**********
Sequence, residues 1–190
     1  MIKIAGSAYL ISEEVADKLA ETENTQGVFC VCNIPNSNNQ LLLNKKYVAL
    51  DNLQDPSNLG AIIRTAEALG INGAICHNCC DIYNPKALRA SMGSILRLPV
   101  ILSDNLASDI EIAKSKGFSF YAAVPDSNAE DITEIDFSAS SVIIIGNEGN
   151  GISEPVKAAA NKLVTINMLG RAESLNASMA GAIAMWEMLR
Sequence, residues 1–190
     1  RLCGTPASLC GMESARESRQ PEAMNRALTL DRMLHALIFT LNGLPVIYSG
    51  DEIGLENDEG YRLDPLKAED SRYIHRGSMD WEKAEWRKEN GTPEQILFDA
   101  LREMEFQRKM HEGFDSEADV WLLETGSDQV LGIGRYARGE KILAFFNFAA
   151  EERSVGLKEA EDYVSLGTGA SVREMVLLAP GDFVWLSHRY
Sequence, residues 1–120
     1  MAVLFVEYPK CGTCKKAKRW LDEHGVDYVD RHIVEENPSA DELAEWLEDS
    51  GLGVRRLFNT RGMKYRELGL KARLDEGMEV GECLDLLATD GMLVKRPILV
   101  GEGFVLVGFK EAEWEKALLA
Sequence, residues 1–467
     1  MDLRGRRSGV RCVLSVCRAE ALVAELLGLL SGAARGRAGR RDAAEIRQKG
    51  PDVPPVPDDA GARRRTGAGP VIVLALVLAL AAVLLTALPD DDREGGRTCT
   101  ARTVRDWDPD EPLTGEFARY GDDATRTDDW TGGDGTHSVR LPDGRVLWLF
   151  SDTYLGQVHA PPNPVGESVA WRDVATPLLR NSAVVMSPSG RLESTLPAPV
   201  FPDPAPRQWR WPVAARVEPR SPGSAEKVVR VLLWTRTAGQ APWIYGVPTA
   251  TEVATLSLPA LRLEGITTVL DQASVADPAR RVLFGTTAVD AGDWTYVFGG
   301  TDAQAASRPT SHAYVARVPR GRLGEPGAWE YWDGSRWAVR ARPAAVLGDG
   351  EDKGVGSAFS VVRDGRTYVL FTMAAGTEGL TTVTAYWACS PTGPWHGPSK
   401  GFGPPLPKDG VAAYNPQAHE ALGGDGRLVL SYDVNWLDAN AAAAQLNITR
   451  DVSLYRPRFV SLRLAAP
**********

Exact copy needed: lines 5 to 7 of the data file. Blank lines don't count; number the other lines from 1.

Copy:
   151  GISEPVKAAA NKLVTINMLG RAESLNASMA GAIAMWEMLR
Sequence, residues 1–190
     1  RLCGTPASLC GMESARESRQ PEAMNRALTL DRMLHALIFT LNGLPVIYSG